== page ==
From The Victorian Scheyvillian (No. 3 06/08) by Tony Sonneveld …

The last Australian commander in Vietnam, Brigadier Ian Geddes, recalled the day in December 1972, after the Whitlam government took power that the Australian commitment to the Vietnam War ended. Geddes had headed a team of 128 members of what was then the Australian Army Assistance Group, to help instruct South Vietnamese and Cambodian troops.


The last members of the Australian Army Training Team Vietnam (AATTV) left Vietnam on 18 December 1972. Brigadier Ian Geddes Commanding (left) farewells WO2 ‘Jock’ Gordon, Regiment Sergeant Major of AATTV.

The McMahon government had intended that the Australians remain in Vietnam until ceasefire negotiations between the US and its allies and North Vietnam were complete. Geddes was realistic about his role, seeing himself as a diplomat as well as a soldier, taking bottles of Ned Kelly whisky with him when he visited South Vietnamese and US forces.

The Whitlam government, however, was intent on getting out and, on taking office, told the Assistance Group to come home. The decision was announced by Whitlam’s deputy, Lance Barnard, on December 22; the Assistance Group was told to pack “in a screaming hurry”, Geddes recalled.

Brigadier Ian Aubrey Geddes, who was 86 when he died, was born in Tamworth on 4 February 1921. He attended Sydney Church of England Grammar School (Shore) and, after matriculating, enrolled at the University of Sydney in 1939 to study economics. He was enjoying life, including activities with the Palm Beach Surf Life Saving Club, when war broke out in September. He had enlisted in the CMF (Sydney University Regiment) in early 1939 and, after initial training, was transferred to the Regiment’s field battery. Then, in early 1940, he was selected to attend the Royal Military College (RMC), Duntroon, from which he graduated in 1942. He was initially allotted to the Royal Australian Armoured Corps but with little opportunity for the deployment of armoured units in the South West Pacific theatre was then trained as a commando.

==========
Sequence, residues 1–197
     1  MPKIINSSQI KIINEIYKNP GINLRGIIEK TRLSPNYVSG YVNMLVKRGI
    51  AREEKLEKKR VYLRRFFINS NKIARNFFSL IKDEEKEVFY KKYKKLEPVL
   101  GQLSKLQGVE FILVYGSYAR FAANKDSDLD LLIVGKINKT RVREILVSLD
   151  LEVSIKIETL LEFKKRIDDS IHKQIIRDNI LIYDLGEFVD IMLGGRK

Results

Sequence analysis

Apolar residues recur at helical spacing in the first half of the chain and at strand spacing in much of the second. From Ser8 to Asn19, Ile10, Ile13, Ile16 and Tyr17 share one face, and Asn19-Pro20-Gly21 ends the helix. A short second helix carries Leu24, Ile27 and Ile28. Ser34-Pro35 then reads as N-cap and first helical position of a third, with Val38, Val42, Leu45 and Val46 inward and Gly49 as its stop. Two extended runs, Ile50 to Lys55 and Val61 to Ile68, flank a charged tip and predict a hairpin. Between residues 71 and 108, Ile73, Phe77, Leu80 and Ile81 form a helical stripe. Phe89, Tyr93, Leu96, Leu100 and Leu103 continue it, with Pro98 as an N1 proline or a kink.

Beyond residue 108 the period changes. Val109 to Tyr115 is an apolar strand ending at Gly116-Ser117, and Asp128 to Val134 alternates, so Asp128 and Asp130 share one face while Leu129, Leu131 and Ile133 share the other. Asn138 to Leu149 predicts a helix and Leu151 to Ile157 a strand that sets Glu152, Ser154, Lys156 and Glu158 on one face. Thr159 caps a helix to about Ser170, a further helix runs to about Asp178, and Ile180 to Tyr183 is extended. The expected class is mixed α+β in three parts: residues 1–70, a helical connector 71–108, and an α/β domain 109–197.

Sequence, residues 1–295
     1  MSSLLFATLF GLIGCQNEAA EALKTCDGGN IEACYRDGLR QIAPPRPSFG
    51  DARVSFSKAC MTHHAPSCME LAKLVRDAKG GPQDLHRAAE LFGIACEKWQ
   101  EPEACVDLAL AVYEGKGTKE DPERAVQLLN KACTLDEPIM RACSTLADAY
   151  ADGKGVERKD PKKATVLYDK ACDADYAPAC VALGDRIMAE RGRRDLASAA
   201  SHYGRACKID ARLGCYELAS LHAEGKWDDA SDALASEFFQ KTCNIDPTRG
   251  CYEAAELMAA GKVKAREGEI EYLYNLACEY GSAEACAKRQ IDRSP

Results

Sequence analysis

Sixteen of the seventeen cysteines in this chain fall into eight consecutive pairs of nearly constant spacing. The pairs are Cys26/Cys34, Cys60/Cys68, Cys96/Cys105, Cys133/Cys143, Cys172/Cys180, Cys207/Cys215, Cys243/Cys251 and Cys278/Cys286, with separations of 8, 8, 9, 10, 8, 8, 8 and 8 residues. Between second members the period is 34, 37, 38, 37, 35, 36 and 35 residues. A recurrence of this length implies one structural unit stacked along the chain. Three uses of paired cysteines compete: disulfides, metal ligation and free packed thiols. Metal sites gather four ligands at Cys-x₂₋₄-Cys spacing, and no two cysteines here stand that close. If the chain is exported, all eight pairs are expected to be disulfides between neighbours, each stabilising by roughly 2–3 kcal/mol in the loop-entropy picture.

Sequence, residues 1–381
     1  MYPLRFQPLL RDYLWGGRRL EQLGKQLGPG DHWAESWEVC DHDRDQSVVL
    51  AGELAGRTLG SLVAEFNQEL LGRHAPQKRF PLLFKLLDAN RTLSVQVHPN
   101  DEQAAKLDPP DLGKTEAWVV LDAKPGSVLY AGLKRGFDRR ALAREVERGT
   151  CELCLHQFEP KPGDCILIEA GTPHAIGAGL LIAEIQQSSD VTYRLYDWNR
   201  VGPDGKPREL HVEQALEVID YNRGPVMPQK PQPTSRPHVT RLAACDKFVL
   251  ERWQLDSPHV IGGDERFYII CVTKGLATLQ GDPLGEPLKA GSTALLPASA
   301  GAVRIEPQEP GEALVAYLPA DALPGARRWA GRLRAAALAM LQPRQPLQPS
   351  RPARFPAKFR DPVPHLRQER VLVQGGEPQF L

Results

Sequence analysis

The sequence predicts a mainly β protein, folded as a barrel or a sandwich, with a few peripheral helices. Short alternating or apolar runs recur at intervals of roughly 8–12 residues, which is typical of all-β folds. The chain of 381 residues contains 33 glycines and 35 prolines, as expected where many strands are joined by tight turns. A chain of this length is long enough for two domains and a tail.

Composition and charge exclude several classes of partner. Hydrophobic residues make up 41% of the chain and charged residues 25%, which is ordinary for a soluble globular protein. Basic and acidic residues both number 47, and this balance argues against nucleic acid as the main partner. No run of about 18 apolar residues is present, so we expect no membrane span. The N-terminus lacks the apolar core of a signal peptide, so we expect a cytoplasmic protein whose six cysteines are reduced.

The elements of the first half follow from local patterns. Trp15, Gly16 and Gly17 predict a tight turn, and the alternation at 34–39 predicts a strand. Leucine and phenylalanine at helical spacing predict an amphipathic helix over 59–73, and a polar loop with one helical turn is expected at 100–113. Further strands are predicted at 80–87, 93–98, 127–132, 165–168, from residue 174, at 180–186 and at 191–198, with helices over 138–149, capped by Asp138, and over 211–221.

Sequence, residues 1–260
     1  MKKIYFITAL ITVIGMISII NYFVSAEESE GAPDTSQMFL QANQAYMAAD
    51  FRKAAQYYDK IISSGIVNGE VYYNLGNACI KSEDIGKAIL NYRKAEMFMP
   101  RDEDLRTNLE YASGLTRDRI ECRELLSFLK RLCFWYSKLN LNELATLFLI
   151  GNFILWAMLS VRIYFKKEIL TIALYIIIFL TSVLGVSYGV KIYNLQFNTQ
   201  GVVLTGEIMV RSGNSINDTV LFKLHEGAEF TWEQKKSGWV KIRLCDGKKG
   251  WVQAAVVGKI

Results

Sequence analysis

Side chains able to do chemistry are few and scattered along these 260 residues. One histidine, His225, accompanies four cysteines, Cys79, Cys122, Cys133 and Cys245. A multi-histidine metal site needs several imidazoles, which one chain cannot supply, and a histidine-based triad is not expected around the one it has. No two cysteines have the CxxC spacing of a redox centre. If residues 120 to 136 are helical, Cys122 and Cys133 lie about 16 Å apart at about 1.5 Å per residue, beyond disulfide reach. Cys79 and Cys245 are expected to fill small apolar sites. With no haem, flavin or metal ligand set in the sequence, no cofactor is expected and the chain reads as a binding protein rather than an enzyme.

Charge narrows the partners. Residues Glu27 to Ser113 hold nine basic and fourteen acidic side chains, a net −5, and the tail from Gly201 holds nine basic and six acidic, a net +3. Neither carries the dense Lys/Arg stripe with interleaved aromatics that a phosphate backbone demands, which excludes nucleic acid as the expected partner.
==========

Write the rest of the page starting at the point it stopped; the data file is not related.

Of his commando training on Wilson’s Promontory he had little nice to say about the place which is now so popular with campers and environmentalists. He remembered it as cold, wet and windy — all the time. There is now a monument to those commando units that trained in the area, at Tidal River.

His initial active service was with the AIF’s 2/12th Commando Squadron in Borneo. After that he became part of a team assigned to debrief and assist former prisoners of the Japanese. “I met many fine men,” he said later, in the kind of understatement common to army folk.

He then served with the Papuan Infantry Battalion and the 66th Australian Infantry Battalion (which was to become the 2nd Battalion, The Royal Australian Regiment (2 RAR)) with the British Commonwealth Occupation Force in Japan.

After attending the first course of the army’s Staff College to be conducted at Queenscliff, after its post-war relocation from Sydney, he was attached to the British Army for two years, in both the UK and Germany, and was later to serve on attachment with the UK’s 1st Royal Tank Regiment in the Korean War. At one point the jeep in which he was travelling was overturned by a white phosphorus shell that landed directly in front. Geddes and his passenger, a South African, survived. To their delight, Geddes discovered that several bottles of brandy the passenger had with him – the result of a bet on a rugby test between the Wallabies and the Springboks – had also survived.